The history of economic development has demonstrated eloquently that developed countries, after a certain stage, begin to encounter manpower problems. The scarcity of manpower to work in occupations at the base of the labor pyramid deprives such countries of flexibility in their growth process. In every case, upon reaching this point--which for Germany and Switzerland, for example, was during the decade of the 70's--countries have resorted to the importation of labor either through formal programs, as in the case of the European countries, or simply by allowing in one way or another the influx of illegal workers, as in the United States. From a purely economic point of view, immigration to a country leads to a per capita income increase across the board rather than simply an increase for the owners of capital, landowners, and groups that do not compete for manpower.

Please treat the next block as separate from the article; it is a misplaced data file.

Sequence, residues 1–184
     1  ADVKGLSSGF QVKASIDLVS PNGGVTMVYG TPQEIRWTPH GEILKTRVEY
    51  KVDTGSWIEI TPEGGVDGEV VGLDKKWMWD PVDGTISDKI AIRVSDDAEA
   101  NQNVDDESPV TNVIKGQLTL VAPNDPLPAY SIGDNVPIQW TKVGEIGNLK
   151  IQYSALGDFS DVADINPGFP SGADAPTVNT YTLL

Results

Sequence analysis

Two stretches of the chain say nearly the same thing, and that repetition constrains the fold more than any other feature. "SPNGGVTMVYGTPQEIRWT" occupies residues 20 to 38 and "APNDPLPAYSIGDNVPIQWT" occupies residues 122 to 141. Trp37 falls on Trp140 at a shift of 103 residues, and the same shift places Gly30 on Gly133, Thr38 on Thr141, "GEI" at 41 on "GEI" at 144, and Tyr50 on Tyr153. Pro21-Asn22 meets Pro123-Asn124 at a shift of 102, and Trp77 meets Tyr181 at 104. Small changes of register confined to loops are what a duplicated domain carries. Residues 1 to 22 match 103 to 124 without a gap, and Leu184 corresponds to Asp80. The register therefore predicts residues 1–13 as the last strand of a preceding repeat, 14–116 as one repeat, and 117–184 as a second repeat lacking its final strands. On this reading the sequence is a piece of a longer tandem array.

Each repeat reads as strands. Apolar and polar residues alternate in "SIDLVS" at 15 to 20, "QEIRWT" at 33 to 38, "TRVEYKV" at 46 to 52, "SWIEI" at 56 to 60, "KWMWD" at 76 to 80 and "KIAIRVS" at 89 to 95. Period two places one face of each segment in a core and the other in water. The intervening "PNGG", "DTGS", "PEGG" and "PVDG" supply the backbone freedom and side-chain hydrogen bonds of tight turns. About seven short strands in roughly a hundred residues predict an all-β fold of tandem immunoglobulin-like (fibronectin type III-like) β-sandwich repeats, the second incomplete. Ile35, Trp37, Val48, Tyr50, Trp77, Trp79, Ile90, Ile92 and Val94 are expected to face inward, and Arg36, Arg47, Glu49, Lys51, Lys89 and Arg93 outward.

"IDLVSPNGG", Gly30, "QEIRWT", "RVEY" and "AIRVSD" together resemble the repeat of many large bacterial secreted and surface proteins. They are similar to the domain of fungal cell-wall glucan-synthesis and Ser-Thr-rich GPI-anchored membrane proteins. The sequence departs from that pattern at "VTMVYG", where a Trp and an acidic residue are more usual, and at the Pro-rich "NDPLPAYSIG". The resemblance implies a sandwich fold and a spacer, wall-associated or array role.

Latin American and Iberian Institute
Migration, United States, Remittances
Diez-Canedo, Juan. "Undocumented Migration to the United States A New Perspective." (1981). http://digitalrepository.unm.edu/laii_research/32